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If you had one hour to be invisible...

Daytripper:The New York Aquarium
03/04/2009 - By Teja Anderson

Daytripper:The New York Aquarium

The New York Aquarium holds a special place in the hearts of children and adults alike, as well as conservationists everywhere.


As the only aquarium in New York City, and part of the largest network of metropolitan wildlife parks in the country, the New York Aquarium’s main goal is to  educate and awe its visitors while saving wildlife and wild places around the globe. The Aquarium is driven by a vision of a world where people understand the critical role the oceans play in human survival and the sensitivity of aquatic resources. Their educational programs strive to encourage  people to place a high personal priority on the protection of marine and freshwater ecosystems and the rich diversity of aquatic wildlife that they sustain. You and your family can have a lot of fun while learning how to be conservationists! With exhibits featuring more than 8,000 animals, the  aquarium offers diversity, superb viewing, and world-renowned scientific expertise that assure you will have a rewarding experience and gain knowledge on how you can make a difference in the ocean world around you. Learn about animals living as far away as the Southwest coast of Africa  and the Arctic to those found locally in the Hudson River.



There’s always something new to see at the New York Aquarium. A good place to start would be the Sea Cliffs, which is home to Brooklyn’s biggest baby, Pacific walrus “Akituusaq,” her doting mother “Kulusiq”or “Kulu,” and her closest acquaintances. Kulu has been protecting and  snuggling her calf from his earliest moments. According to senior veterinarian Paul Calle, “The most remarkable thing about the birth was that immediately Kulu was a spectacular mother. Within seconds she was already caring for the baby and attentive to his needs.” Kulu arrived (as a baby  herself) at the New York Aquarium in the spring of 1994. A team of aquarium staff had traveled to Alaska to rescue orphaned Pacific walrus calves off the waters of St. Lawrence Island. The calves’ mothers were casualties of a subsistence hunt, and the youngsters could not survive on their  own. The rescue squad returned to the aquarium with the big babies in tow. They named one of the females Kulusiq – iceberg in the native Alaskan Yupiq language. The male, who would later sire Kulu’s baby, was called “Ayveq,” meaning walrus. The aquarium staff raised the orphans by  hand for the first 8 months, with bottle-feedings and lots of human company in and out of the water. Later, the little ones joined two older walruses in the Sea Cliffs exhibit. This social group proved to be just the right mix in which the “newbies” could thrive. Kulu’s son Akituusaq is known  as “Brooklyn’s Biggest Baby,” but his Yupiq name translates to “gift given in return.”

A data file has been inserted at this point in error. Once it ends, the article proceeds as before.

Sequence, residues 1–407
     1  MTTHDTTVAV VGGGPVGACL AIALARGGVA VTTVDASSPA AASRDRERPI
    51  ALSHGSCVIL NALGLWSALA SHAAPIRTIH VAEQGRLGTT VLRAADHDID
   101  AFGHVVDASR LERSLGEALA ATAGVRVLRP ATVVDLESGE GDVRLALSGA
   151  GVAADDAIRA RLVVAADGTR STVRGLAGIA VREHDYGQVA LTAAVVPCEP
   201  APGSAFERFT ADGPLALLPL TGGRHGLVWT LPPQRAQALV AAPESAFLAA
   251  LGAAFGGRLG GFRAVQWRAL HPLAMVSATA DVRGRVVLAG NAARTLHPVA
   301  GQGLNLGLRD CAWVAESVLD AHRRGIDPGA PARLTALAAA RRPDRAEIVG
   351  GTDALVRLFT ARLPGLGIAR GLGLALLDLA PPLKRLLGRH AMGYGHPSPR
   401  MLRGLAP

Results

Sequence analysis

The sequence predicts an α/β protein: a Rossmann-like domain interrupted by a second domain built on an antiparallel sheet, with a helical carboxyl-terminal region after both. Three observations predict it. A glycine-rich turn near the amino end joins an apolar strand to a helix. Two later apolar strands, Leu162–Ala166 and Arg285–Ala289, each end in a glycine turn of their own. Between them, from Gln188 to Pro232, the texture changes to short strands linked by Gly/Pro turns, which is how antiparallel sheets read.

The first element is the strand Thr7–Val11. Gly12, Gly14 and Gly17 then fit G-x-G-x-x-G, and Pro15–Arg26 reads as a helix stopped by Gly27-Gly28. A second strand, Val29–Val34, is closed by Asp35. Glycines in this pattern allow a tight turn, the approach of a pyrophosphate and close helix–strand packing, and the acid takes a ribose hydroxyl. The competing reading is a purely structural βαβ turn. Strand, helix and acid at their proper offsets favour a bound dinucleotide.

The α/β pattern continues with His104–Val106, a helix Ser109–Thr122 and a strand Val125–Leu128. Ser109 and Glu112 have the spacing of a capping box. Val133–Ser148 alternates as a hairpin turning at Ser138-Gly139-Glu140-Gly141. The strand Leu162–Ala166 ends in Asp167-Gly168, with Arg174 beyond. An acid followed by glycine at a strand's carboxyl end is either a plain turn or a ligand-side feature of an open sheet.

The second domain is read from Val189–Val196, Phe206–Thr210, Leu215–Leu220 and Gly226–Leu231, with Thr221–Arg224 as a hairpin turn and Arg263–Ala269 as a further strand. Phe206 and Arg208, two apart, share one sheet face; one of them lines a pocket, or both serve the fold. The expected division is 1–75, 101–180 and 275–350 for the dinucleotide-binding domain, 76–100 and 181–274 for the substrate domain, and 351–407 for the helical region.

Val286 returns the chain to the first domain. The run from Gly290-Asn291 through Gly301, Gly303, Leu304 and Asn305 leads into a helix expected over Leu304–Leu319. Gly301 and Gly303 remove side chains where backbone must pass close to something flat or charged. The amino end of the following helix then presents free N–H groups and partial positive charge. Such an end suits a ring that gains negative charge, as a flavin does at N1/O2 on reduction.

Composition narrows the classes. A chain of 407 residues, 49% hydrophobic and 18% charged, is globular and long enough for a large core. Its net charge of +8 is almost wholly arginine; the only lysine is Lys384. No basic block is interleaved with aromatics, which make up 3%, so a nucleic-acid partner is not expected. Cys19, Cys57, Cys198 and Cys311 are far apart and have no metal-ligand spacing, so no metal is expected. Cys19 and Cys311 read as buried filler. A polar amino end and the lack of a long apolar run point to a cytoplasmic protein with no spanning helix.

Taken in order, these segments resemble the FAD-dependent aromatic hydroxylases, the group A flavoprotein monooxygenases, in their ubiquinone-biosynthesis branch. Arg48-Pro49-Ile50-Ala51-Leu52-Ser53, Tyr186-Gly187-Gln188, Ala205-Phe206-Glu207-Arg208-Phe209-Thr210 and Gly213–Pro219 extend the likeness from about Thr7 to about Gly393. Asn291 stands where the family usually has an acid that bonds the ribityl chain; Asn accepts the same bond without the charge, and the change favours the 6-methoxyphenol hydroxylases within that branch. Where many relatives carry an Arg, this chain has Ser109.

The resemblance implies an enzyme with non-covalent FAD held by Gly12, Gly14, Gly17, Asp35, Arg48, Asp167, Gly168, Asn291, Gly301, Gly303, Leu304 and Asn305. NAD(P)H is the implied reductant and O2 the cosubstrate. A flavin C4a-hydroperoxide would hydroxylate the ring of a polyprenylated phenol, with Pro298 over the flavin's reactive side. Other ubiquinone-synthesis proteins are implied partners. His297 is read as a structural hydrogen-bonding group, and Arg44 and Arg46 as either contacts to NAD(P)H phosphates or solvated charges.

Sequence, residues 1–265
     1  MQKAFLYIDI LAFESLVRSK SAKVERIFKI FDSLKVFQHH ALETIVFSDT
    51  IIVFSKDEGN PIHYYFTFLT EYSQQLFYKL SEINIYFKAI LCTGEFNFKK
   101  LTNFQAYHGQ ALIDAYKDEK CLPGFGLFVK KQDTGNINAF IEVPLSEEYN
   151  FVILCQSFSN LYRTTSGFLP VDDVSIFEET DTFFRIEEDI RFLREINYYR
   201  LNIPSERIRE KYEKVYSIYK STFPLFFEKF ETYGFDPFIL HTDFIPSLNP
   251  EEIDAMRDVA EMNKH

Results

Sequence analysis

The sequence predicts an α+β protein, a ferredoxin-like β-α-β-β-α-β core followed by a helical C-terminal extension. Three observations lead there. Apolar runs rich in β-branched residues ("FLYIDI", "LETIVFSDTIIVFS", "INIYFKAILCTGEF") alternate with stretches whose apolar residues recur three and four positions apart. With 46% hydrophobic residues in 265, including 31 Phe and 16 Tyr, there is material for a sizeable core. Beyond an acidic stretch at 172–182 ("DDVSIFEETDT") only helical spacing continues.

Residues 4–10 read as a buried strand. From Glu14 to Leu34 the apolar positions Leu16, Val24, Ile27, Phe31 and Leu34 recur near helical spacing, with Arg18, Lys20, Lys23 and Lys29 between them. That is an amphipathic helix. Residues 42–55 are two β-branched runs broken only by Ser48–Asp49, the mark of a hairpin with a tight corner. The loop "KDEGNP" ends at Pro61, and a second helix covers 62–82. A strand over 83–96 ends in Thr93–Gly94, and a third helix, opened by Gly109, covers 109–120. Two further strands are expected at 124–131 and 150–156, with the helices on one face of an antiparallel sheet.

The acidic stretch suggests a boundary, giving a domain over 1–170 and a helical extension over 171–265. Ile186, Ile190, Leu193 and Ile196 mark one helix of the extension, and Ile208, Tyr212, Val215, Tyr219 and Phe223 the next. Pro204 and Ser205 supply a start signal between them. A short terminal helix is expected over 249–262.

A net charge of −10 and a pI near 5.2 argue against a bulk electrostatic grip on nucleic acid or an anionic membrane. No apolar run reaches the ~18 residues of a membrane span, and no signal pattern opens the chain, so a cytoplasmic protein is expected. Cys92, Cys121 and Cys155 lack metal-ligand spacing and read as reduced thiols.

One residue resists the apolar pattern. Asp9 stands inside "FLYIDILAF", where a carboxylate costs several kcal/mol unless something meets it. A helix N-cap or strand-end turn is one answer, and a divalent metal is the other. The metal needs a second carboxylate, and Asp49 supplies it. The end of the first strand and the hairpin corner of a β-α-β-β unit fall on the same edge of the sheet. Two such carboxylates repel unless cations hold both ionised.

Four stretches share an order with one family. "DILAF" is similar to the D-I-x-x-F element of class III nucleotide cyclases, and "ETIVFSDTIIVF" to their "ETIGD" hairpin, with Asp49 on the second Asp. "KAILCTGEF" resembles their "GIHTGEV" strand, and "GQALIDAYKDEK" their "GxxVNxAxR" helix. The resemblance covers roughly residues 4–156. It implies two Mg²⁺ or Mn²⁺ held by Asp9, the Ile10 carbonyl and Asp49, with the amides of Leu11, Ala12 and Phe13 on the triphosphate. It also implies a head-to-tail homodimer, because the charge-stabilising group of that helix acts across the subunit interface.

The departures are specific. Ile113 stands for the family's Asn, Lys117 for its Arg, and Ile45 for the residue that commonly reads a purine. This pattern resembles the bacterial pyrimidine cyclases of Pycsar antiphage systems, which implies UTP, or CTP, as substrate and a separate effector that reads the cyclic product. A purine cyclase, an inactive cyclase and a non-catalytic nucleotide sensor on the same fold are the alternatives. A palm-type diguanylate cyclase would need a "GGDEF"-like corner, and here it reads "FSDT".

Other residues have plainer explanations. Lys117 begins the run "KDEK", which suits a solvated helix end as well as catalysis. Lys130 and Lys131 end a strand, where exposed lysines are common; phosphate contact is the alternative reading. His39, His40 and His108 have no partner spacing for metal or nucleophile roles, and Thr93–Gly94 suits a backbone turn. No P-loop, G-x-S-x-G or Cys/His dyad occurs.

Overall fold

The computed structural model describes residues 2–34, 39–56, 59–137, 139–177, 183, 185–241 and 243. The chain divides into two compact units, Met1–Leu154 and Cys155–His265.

Another aquarium celebrity is California sea lion Duke, a rising star at the Aquatheater; he loves to show off for a crowd. During training demonstrations, you might see Duke doing an acrobatic backbend, dive-bombing in the pool, barking on cue, or shimmying to music. When Duke first  arrived at the Aquarium in 2005, keepers knew instantly that his enthusiastic nature would make him a great personality, and indeed he thrived on learning new behaviors. By the summer of 2006, this natural star had earned a solo role in a portion of the demonstration designed just for him!  Duke also serves as an ambassador for his species, teaching Aquatheater guests about his wild habitat and the sea lion’s role in the web of life. You can learn about some of the sea lion’s favorite foods – like herring and squid – and how sea lions themselves are the favorite foods of some of the  ocean’s top predators… like white sharks. Duke and his keepers also demonstrate how you and your family can impact this food chain and how, by making smart seafood choices, you can help protect the ocean’s wildlife. You can catch one of the daily feeds for walruses, sharks, penguins,  and sea otters by checking the schedule when you arrive at the front entrance.